Hands-On: $139 Nook Simple Touch With GlowLight (Video)
Today Barnes and Noble announced their new Nook eReader, which is strikingly similar to the “old” Nook eReader. The updated model adds a new feature that aims to solve the last major problem with eInk eReaders: you need a light if you want to read in the dark.
The new Nook adds a feature dubbed GlowLight which lights up the eInk display with an adjustable, easy-on-the-eyes light that is bright enough to read by but not enough to disturb someone next to you. Say, late at night in bed.
Despite the additional component, the Nook retains the long battery life — over one month of reading using the GlowLight, up to two months without — and comes in 5% lighter than the current Nook Simple Touch model, which is already pretty light. The GlowLight option adds $40 to the price, bringing the total to $139.
eBook lovers can pre-order the new Nook Simple Touch with GlowLight today in B&N stores or online at Nook.com. It will ship and be available in stores at the beginning of May in time for Mother’s Day.
Watch my short hands-on video below for a quick demo.
Though Barnes & Noble claims that they’re the first to develop this eInk with benefits thing, that’s not quite true. Unless you’re a long-time eBook nerd like me I won’t blame you for not remembering the Sony Reader PRS-700 that came out back in 2008. It didn’t make a huge impression due to the dominance of the Kindle, but it did have lighting on the eInk screen for reading in the dark.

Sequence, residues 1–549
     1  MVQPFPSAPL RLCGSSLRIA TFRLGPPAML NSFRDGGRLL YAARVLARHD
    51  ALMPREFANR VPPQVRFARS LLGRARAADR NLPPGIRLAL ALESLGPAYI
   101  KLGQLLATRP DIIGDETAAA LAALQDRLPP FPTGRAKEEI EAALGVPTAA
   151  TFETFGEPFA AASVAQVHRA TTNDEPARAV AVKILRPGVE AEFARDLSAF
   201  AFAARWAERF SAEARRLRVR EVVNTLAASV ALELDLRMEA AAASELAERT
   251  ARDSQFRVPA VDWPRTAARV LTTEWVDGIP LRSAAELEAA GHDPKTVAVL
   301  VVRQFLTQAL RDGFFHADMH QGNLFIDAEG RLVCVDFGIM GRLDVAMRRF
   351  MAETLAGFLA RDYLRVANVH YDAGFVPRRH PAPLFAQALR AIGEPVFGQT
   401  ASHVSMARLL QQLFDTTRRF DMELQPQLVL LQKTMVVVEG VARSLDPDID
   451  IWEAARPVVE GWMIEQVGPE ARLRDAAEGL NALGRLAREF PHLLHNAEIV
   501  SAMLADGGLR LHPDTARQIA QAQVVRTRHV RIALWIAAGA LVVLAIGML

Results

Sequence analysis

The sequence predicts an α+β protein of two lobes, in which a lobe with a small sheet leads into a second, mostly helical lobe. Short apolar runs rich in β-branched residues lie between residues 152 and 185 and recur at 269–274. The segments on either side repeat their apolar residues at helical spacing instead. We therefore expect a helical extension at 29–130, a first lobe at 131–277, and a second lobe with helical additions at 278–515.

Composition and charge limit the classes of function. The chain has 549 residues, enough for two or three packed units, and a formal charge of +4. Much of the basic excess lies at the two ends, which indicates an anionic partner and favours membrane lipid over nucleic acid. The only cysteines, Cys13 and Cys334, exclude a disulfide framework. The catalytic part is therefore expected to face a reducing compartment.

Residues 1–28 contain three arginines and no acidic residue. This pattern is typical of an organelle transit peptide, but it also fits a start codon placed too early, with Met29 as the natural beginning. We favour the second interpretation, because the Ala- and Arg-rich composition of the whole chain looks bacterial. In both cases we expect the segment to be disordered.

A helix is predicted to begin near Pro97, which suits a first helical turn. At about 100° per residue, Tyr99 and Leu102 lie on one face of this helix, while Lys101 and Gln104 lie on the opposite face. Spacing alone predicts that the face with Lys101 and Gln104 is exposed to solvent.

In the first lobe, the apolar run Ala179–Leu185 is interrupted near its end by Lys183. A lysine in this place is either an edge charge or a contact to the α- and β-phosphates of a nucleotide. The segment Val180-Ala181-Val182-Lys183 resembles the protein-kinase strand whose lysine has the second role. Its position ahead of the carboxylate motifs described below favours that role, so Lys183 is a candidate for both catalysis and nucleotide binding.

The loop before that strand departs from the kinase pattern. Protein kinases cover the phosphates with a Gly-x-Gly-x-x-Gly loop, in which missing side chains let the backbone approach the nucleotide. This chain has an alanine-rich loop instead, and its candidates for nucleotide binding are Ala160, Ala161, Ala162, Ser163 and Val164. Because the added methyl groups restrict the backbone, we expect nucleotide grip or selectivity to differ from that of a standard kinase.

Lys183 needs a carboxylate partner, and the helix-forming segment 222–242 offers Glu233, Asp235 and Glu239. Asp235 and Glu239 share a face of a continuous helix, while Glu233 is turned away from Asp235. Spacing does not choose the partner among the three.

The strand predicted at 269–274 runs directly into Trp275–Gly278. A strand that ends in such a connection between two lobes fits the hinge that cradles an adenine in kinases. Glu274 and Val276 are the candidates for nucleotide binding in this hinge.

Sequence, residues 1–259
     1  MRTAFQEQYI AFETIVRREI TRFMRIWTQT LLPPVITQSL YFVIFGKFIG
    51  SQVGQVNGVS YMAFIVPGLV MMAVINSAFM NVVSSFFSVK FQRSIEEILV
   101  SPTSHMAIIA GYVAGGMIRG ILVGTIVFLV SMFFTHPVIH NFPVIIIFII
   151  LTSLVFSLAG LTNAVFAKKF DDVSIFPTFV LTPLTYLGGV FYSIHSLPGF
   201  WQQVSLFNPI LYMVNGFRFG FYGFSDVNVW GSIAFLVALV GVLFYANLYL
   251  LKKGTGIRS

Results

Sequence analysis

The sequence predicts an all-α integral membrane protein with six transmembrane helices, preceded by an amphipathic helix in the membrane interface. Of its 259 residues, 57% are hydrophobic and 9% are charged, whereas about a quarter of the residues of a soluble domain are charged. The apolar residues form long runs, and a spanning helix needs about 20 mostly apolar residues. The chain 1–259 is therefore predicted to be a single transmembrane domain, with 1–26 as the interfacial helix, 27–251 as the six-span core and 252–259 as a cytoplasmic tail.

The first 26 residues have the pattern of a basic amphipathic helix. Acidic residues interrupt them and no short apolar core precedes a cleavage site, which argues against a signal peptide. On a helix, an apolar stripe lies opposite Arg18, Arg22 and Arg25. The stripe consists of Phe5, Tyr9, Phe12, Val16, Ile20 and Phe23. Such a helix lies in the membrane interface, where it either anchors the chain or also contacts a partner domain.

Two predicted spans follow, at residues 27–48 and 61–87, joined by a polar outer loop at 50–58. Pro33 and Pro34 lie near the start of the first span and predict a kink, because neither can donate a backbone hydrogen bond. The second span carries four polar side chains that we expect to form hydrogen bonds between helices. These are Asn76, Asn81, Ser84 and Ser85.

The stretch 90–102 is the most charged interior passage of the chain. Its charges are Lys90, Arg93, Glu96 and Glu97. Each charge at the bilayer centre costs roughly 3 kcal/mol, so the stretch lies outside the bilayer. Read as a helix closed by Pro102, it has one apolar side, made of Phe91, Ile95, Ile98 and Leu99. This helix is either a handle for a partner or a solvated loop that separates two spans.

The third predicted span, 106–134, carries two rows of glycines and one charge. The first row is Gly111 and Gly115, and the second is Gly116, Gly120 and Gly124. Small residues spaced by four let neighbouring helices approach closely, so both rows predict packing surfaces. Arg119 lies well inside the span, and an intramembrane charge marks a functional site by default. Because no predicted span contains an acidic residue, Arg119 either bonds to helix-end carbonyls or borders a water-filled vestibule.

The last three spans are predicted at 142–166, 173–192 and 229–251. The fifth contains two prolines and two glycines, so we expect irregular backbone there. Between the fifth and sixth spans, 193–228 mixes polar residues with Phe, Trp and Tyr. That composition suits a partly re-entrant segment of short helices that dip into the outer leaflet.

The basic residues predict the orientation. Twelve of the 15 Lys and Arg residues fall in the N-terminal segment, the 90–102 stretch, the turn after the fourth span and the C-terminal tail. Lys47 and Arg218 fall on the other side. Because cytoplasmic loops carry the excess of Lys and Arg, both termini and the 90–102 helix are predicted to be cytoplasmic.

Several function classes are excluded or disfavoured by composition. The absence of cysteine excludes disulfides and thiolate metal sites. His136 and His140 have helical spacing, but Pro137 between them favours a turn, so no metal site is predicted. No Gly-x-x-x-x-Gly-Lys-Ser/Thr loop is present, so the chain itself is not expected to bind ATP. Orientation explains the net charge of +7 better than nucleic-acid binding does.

Sony’s implementation of this idea was less than ideal. It didn’t light the display enough to make a huge difference and, thanks to how glare-y the display needed to be to make the touchscreen functionality work, it ended up being a wash overall.
The Nook with GlowLight doesn’t make any of those same mistakes, thus I think it will be far more successful. First, the technology B&N uses for touch doesn’t require a glaretastic display, so text remains crisp and contrasty. Second, the way the GlowLight is engineered, the light is aimed down at the display so it bounces off the screen, the same way light bounces when you’re out in the sun. The light itself is a nice bluish white instead of the orangey cast I remember from the Sony. And it lights up the entire screen evenly.
I got to go hands-on with the new Nook in a darkened environment so I could get a real sense of how the light would look in a bedroom at night. Since the intensity of the brightness is adjustable I was able to easily find a level comfortable for my eyes. Yet even at the brightest it’s not going to light up the room.
The use case B&N touted the most is reading in bed. According to a survey they conducted, 2 out 3 people read in bed and 50% of respondents said they would read more in bed if it didn’t bother their partners. Almost half of non-night reading people get annoyed with their bedmates leaving the light on when they want to sleep. Keeping a light on so you can finish the last two chapters of The Hunger Games is apparently not conducive to a happy relationship.
I can also see this being useful when reading on a plane, or an overnight train trip, or even in the back of a car. I know I would have appreciated that as a kid.
The GlowLight is also supposed to be much easier on the eyes than the backlight on an LCD tablet or a computer screen. And, since the display is the same eInk as the current Nook, you can read it while out in the sun, which is harder with tablets.
We’re getting a Nook with GlowLight in for review soon, so I’ll be able to put it to the test during late-night reading sessions and report back in full. But if you’re already sold, head over to Nook.com and pre-order yours for $139 today.